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Copyright 1999 by John F. Wakerly Copying Prohibited in Software Integrated ANSI/AIM Code 39 in Software Copyright 1999 by John F. Wakerly Copying Prohibited




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Copyright 1999 by John F. Wakerly Copying Prohibited generate, create none none with none projects iPhone OS DO NOT COPY none none DO NOT COPY DO NOT COPY DO NOT COPY DO NOT COPY DO NOT COPY DO NOT COPY DO NOT COPY DO NOT COPY. 6 . Combinational Design Examples E2_L E1_L E0_L M3_L Figure 6-3 A combinational fixed-point to floatingpoint encoder. DO NOT COPY DO NOT COPY DO NOT COPY DO NOT COPY DO NOT COPY DO NOT COPY DO NOT COPY DO NOT COPY DO NOT COPY. 74x151. 74x148. 5 4 3 2 1. B10_L B9_L B8_L B7_L B6_L B5_L B4_L B3_L EI I7 13 12 11 10. I5 I4 I3 I2 I1 I0 A0 A1 A2 9 7 6. A 10 B 9 C B9_L B8_L B7_L B6_L B5_L D0 D1 2 D2 14 15. B4_L B3_L B2_L D4 14 D5 13 D6 12 D7 M2_L 74x151. B_L[10:0]. A B 9 C B8_L B7_L B6_L B5_L B4_L B3_L B2_L B1_L D0 D1 2 D2 D3 D4 14 D5 13 D6 12 D7 M1_L 74x151. A B 9 C B7_L B6_L B5_L B4_L B3_L B2_L B1_L B0_L D0 D1 2 D2 D3 D4 14 D5 13 D6 12 D7 M0_L Copyright 1999 by John F. Wakerly Copying Prohibited Section 6.1 Building-Block Design Examples I7 (highest priority) through I0 connected to b10 b3. We can use the priority encoder s A2 A0 outputs directly as the exponent, as long as the no-1-found case produces A2 A0 = 000. Picking off four bits sounds like a selecting or multiplexing operation.

The 3-bit exponent determines which four bits of B we pick off, so we can use the exponent bits to control an 8-input, 4-bit multiplexer that selects the appropriate four bits of B to form M. An MSI circuit that results from these ideas is shown in Figure 6-3. It contains several optimizations: Since the available MSI priority encoder, the 74x148, has active-low inputs, the input number B is assumed to be available on an active-low bus B_L[10:0].

If only an active-high version of B is available, then eight inverters can be used to obtain the active-low version. If you think about the conversion operation a while, you ll realize that the most significant bit of the mantissa, m3, is always 1, except in the no-1found case. The 148 has a GS_L output that indicates this case, allowing us to eliminate the multiplexer for m3.

The 148 has active-low outputs, so the exponent bits (E0_L E2_L) are produced in active-low form. Naturally, three inverters could be used to produce an active-high version. Since everything else is active-low, active-low mantissa bits are used too.

Active-high bits are also readily available on the 148 EO_L and the 151 Y_L outputs. Strictly speaking, the multiplexers in Figure 6-3 are drawn incorrectly. The 74x151 symbol can be drawn alternatively as shown in Figure 6-4.

In words, if the multiplexer s data inputs are active low, then the data outputs have an active level opposite that shown in the original symbol. The active-low-data symbol. 74x151. DO NOT COPY DO NOT COPY DO NOT COPY DO NOT COPY DO NOT COPY DO NOT COPY DO NOT COPY DO NOT COPY DO NOT COPY. A B 9 C 4 D0 3 D1 2 D2 1 D3 15 D4 14 D5 13 D6 12 D7 Figure 6-4 Alternate logic symbol for the 74x151 8-input multiplexer. Copyright 1999 by John F. Wakerly Copying Prohibited 6 . Combinational Design Examples DO NOT COPY none for none DO NOT COPY DO NOT COPY DO NOT COPY DO NOT COPY DO NOT COPY DO NOT COPY DO NOT COPY DO NOT COPY. 74x148 74x148 should be pr none none eferred in Figure 6-3, since the active levels of the 151 inputs and outputs would then match their signal names. However, in data transfer and storage applications, designers (and the book) don t always go by the book. It is usually clear from the context that a multiplexer (or a multibit register, in Section 8.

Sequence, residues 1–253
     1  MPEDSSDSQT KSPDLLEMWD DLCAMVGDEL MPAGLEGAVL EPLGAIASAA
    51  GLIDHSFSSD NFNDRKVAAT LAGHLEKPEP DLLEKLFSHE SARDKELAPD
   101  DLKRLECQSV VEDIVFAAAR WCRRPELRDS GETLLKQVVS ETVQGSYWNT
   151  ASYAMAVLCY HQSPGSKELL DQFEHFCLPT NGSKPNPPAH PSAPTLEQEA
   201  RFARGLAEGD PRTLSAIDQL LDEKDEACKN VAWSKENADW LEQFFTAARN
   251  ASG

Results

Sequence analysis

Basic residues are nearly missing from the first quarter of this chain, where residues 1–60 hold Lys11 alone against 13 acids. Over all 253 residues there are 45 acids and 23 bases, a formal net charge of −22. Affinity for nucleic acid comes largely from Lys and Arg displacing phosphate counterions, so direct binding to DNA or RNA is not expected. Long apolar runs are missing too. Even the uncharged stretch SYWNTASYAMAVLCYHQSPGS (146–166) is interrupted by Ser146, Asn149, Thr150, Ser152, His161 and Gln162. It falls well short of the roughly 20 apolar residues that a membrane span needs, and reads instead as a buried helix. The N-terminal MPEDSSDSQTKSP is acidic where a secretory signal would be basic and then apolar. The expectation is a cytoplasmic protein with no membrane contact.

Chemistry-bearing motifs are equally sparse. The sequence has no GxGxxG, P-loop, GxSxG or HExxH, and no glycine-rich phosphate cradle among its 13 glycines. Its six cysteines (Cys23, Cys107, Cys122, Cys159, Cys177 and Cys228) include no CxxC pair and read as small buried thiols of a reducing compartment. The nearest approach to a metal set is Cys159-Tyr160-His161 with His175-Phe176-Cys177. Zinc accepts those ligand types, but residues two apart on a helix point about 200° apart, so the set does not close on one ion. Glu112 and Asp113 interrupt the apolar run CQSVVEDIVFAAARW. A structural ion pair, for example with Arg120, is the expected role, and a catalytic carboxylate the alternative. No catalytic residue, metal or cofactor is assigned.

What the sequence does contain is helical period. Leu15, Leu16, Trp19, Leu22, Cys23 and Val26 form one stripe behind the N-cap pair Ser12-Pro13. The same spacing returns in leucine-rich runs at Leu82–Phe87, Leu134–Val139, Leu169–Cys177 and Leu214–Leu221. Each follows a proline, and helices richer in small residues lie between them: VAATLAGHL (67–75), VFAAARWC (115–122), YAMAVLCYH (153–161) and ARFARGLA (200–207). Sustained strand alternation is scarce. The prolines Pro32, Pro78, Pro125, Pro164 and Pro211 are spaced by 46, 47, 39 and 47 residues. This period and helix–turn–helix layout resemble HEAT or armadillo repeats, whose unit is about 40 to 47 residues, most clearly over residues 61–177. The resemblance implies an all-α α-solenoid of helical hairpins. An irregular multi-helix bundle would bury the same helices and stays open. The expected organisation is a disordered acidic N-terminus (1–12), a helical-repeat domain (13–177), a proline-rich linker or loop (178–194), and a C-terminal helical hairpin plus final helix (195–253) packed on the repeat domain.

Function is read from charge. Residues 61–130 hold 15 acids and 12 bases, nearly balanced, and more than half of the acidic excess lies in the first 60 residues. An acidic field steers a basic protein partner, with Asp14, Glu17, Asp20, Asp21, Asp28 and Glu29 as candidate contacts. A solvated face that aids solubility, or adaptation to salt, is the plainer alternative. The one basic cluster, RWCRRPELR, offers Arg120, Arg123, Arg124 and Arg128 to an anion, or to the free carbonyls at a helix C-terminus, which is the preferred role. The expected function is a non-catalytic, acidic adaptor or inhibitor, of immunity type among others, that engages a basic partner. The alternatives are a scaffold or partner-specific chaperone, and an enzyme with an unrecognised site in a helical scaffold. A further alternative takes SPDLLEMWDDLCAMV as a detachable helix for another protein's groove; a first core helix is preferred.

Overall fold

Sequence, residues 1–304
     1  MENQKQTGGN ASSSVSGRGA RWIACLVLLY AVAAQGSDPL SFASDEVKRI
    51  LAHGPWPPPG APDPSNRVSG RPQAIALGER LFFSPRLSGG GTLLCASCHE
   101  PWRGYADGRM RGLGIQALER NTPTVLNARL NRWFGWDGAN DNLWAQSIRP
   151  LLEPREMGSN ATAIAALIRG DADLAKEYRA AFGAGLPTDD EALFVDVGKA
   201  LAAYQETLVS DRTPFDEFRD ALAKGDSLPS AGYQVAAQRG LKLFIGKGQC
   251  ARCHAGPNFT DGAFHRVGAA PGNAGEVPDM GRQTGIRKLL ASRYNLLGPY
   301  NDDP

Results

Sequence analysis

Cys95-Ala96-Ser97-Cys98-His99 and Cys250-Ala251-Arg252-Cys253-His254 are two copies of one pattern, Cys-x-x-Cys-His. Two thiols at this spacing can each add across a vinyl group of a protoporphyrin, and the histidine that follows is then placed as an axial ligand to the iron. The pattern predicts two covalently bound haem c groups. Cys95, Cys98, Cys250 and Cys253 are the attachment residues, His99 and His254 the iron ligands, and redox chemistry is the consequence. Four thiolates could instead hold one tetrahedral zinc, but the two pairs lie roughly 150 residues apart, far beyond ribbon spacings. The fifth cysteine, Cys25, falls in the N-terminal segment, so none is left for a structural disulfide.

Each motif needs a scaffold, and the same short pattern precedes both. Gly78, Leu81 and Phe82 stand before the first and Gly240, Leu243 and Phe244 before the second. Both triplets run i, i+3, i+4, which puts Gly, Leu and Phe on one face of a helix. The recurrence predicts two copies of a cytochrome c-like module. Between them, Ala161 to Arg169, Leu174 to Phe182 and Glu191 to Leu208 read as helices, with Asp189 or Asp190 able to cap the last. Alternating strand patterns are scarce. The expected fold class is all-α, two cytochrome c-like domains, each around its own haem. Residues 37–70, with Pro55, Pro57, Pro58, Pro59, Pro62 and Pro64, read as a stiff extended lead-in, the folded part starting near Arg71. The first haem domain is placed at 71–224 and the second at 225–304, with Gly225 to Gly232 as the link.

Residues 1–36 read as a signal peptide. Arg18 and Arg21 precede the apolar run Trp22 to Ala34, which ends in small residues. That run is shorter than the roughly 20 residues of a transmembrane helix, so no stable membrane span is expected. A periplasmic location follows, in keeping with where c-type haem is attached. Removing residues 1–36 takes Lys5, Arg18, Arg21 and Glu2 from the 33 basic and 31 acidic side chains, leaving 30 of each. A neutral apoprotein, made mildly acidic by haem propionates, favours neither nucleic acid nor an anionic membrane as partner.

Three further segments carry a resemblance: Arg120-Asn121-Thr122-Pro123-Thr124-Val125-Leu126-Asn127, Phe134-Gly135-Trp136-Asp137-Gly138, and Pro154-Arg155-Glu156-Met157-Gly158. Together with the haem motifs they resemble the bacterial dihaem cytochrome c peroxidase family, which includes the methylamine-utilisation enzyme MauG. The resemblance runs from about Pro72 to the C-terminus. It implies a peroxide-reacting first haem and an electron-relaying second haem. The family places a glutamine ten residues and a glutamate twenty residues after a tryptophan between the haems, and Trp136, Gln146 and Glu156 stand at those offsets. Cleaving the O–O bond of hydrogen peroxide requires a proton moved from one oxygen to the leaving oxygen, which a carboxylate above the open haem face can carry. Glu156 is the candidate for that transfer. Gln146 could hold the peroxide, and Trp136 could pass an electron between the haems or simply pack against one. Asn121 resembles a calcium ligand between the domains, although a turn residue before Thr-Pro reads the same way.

2.5) does not alter the active level of its data. 6.

1.3 Dual-Priority Encoder Quite often MSI building blocks need a little help from their friends ordinary gates to get the job done. In this example, we d like to build a priority encoder that identifies not only the highest but also the second-highest priority asserted signal among a set of eight request inputs.

We ll assume for this example that the request inputs are active low and are named R0_L R7_L, where R0_L has the highest priority. We ll use A2 A0 and AVALID to identify the highest-priority request, where AVALID is asserted only if at least one request input is asserted. We ll use B2 B0 and BVALID to identify the second-highest-priority request, where BVALID is asserted only if at least two request inputs are asserted.

Finding the highest-priority request is easy enough, we can just use a 74x148. To find the second highest-priority request, we can use another 148, but only if we first knock out the highest-priority request before applying the request inputs. This can be done using a decoder to select a signal to knock out, based on A2 A0 and AVALID from the first 148.

These ideas are combined in the solution shown in Figure 6-6. A 74x138 decoder asserts at most one of its eight outputs, corresponding to the highest-priority request input. The outputs are fed to a rank of NAND gates to turn off the highest-priority request.

A trick is used in this solution is to get active-high outputs from the 148s, as shown in Figure 6-5. We can rename the address outputs A2_L A0_L to be active high if we also change the name of the request input that is associated with each output combination. In particular, we complement the bits of the request number.

In the redrawn symbol, request input I0 has the highest priority..
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